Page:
Favorite thing: The ahus are the platforms on which the moai stand. As many of the ahus are also ancient burial grounds, you should not walk on the ahus themselves. In some areas there are rangers working, and if you step where you shouldn't you'll start to hear the whistle, and then you know you're in trouble.
Off course you want to prepare your visit to Easter Island before you are leaving from home. The more you know the more you will understand of the mysteries of the island. And you will be able to have the right questions on a guided tour.
Reading a guidebook (and off course the tips on Virtual Tourist) is the best way. But I can highly recommend 'The complete Guide to EASTER ISLAND'. This book, edited by the Easter Island Foundation, has much more depth than the usual travel books (like Lonely Planet and others).
This guide is a mixture between latest scientific and tourist information. There are sections on history, legends, conservation, antiquities. Besides the chapter on the Rapanui language, there are a lot of interesting maps, also if you will decide to explore Rapa Nui on your own.
On the website you will find more books about Easter Island.
You can order this book for USD 25 (excluding costst of shipping) from:
The Easter Island Foundation
If you just want to look for more information on the internet, surf on these websites:
Rapa Nui has just one bank 'Banco del Estado de Chile', which is located on Tu'u Maheke Street (close to the Information Centre) and is open from 8.00 am - 1.00 pm on weekdays.
It is possible to change cash and travellers checks, but rates are poor and the commission on checks is high. We could get our (Chilean) money from the ATM at the bank, using our 'Cirrus' debit bank card. It accepts also 'MasterCard', but NOT 'Plus'.
The ATM operates 24 hours per day.
I'm usually not the person to advertise companies and services, but I was really delighted by the one day tour around the island by AO Tour. It was organized by Martin, the owner of my accomodation ("Martin & Anita"), just the evening when I arrived. The tour came to pick us up (we were 4 people from my place taking part), stopped to get food and water for the day and headed out East right away. We visited most of the famous sights around the island: Vinapu, Akahanga, Rano Raraku, Ahu Tongariki, Te Pito Te Henua and Anakena, so went all around. You could take this tour by yourself as well, but it gives a very nice plus to get a first impression of these places on an organized tour. I did it on my first day at Rapa Nui.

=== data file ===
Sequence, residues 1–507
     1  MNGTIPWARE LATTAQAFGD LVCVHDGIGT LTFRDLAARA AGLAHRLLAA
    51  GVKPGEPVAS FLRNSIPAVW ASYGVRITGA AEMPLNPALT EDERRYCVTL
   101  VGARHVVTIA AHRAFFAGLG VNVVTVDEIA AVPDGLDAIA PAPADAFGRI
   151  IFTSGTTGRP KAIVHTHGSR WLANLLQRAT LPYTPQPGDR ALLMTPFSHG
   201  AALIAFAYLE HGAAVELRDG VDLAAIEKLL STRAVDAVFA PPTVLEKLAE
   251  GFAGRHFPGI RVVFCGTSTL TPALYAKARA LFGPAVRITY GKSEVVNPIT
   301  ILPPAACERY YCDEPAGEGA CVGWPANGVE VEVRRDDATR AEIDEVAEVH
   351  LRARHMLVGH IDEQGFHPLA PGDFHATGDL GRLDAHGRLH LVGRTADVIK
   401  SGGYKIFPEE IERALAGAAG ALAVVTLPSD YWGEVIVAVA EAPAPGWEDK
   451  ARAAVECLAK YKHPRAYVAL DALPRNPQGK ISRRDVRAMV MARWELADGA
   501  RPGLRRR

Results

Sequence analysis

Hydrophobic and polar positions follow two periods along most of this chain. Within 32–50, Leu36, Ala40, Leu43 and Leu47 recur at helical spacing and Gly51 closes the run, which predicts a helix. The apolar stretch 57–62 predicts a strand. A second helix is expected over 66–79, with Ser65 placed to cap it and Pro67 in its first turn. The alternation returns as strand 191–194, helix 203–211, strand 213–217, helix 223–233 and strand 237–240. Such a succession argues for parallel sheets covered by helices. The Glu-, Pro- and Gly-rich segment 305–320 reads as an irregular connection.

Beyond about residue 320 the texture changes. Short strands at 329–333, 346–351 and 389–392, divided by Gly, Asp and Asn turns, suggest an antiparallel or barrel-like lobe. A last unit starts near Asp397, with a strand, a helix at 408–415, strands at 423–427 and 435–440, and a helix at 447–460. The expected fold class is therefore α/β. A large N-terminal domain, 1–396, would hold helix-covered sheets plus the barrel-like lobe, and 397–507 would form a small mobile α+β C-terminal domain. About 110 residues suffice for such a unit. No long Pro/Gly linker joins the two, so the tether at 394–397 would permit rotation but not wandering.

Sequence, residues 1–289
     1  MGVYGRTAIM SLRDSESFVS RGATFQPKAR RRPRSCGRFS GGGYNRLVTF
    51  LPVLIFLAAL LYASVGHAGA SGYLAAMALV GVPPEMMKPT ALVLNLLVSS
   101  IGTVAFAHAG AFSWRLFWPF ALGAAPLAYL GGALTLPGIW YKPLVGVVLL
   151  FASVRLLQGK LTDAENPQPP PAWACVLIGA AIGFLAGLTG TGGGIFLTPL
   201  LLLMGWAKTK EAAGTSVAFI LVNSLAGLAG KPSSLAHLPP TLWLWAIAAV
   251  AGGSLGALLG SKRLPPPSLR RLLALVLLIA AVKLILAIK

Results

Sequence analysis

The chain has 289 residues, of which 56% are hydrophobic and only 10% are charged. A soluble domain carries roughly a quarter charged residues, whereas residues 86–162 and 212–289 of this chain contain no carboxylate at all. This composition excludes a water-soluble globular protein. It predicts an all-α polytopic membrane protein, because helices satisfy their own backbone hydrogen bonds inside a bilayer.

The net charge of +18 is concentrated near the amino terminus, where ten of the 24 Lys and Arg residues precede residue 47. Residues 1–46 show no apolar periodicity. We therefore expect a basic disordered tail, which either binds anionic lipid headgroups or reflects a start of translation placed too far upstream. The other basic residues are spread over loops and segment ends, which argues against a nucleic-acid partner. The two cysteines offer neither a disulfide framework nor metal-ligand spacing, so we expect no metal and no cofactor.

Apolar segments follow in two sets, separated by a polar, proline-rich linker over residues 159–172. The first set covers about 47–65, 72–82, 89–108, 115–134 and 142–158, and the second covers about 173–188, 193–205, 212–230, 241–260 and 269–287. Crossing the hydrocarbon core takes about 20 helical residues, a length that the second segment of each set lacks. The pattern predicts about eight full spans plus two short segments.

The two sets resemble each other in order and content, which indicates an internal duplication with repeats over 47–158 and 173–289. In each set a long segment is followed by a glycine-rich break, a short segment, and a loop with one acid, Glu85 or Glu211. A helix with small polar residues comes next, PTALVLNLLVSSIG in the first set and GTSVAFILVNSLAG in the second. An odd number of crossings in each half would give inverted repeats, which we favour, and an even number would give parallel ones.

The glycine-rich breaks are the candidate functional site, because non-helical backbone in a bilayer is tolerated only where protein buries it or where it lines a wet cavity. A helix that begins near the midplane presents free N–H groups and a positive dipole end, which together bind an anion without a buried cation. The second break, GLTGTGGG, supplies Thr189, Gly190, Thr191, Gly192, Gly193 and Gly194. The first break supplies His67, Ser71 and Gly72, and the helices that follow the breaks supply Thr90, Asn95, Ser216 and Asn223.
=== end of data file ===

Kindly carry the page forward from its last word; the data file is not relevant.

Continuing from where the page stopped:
Fondest memory: Our guide, Patricio knew the island, the history and the local customs very well, he left enough time for us to explore each site and showed us some of the not so-well known items around the above mentioned places. He was easy-going and spoke very good English, and took the extra effort to explain everything once again in "private" to the only one non-English speaking, Spanish lady on our tour.
I especially enjoyed his van, which gave us a more "real Islander feeling" than an air conditioned brand new one would have (like those which are taking the tourists from the Hotel). It was more personal as well, due to not having 20-25 people in the group but only 7 of us.
Just walking among the huge figures is a humbling and fascinating experience.
Fondest memory: Easter Island...Paaseiland...Isla de Pascula...Rapa Nui - All names for this island 2.030 nautical miles away from the continent. All names that condure up dreams and meant that we HAD to see it for ourselves! We went wondering what it would be like, and came away stunned by its unearthly beauty and strangeness and mystery. Something we will never forget.
Hi, well lucky you to be there for 7 days! I was there in November for 3 nights, 2 days and an afternoon and evening.
I loved being there and would love to have been able to stay longer - particularly re the kiwi and Maori language connection.